All of these failures have been seen on the threaded portion as it is the thinnest. It was designed to be the weak link, however, because it is a fairly easy thing to address. That’s especially useful if you’re having to do a trail fix.

Brace/Sleeve

Something like a sleeve or brace will brace the rod and better distribute the forces applied. Sleeves are also a cheap solution, starting at around $40. You do need to remove the outer rod end from the inner, so this will require a vehicle alignment after the fact.

Replacement

Sleeves and braces are a bit of a band-aid fix, however. While they certainly will improve strength, they are not foolproof. To truly remedy this issue, you are looking at doing a complete replacement. I know that sounds like a pain, but this can be done in your driveway with basic tools.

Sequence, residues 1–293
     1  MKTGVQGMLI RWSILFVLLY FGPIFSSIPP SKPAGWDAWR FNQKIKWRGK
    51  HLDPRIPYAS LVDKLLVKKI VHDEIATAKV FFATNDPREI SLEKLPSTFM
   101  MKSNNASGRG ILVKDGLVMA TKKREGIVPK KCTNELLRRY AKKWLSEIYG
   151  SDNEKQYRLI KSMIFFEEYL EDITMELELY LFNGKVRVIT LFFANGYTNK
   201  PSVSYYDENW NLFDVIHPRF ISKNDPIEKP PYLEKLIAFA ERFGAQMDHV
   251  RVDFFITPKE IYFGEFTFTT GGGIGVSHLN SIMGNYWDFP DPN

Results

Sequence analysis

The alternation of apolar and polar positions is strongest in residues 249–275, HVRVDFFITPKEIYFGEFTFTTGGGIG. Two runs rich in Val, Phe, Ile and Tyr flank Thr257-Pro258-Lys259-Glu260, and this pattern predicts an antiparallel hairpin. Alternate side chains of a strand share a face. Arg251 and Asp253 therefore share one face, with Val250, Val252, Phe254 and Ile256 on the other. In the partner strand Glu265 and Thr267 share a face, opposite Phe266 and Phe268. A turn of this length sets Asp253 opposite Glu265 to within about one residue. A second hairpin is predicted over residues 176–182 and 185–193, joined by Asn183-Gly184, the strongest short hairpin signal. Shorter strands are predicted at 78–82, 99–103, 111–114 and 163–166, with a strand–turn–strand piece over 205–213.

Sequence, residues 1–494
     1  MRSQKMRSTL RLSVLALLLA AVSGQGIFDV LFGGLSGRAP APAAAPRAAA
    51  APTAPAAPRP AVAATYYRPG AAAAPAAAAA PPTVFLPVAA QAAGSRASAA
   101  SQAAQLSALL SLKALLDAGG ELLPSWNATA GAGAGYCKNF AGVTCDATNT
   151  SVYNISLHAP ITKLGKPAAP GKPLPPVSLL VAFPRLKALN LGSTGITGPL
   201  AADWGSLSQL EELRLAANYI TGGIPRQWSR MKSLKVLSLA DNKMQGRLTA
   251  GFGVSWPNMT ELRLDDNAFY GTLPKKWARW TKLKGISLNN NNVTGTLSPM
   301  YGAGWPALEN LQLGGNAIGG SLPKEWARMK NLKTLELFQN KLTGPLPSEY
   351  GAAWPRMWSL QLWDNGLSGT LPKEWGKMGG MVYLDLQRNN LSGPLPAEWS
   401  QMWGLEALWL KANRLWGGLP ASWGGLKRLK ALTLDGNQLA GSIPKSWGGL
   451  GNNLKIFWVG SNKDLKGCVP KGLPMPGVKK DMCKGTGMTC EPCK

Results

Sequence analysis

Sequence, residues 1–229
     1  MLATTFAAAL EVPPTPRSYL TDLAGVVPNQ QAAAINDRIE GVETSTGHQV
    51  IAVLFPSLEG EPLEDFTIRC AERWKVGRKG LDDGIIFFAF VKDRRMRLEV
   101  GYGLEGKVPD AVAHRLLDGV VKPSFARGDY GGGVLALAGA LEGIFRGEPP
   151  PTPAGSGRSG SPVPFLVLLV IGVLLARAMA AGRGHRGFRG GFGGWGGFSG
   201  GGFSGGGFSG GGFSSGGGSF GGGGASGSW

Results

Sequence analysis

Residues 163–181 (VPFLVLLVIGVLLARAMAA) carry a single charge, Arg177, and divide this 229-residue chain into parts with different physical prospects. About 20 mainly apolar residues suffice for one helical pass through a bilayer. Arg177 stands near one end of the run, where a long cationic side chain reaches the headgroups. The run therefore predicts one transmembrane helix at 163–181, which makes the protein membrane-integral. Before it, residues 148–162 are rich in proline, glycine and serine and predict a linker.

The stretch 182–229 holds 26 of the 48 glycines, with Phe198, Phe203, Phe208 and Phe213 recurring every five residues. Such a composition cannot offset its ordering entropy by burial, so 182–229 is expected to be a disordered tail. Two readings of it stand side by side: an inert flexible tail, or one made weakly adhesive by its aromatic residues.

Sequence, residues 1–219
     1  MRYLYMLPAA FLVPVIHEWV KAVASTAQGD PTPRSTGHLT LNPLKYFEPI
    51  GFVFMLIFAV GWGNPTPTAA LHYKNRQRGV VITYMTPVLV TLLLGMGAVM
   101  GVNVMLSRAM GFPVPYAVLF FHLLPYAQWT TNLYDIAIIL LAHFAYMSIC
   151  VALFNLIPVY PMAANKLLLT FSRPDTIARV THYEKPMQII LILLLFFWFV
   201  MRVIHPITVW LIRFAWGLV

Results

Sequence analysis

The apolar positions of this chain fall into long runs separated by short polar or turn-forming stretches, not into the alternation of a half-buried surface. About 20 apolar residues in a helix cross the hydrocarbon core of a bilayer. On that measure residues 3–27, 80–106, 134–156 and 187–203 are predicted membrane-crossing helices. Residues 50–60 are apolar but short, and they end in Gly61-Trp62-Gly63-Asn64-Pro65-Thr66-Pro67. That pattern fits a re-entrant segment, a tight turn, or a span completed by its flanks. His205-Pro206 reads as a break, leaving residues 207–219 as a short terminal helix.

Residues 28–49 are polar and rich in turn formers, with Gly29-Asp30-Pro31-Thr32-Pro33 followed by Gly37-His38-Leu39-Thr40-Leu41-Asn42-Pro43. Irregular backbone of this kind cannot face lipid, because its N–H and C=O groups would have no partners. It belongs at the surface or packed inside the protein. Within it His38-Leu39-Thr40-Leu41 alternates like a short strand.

Tie Rod Sleeves

6th Gen Bronco Tie-Rod

Sleeves are the easiest way to address the weakness of the OEM inner and outer rod end. Essentially, they become your new locking nut for the outer. They brace the entire threaded portion (weak portion) of the inner rod.

Sleeves are also the cheapest option. With prices not exceeding $100, it doesn’t get much more cost-effective. However, you will need to get your vehicle aligned after installing them.

1. Speedlogix Billet Sleeve

Speedlogix sleeve kit for 6th Gen Bronco

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The cheapest sleeve option is the Speedlogix Billet Sleeve. Coming in at just $39, they are cheap insurance to protect against bending or breaking on the trail.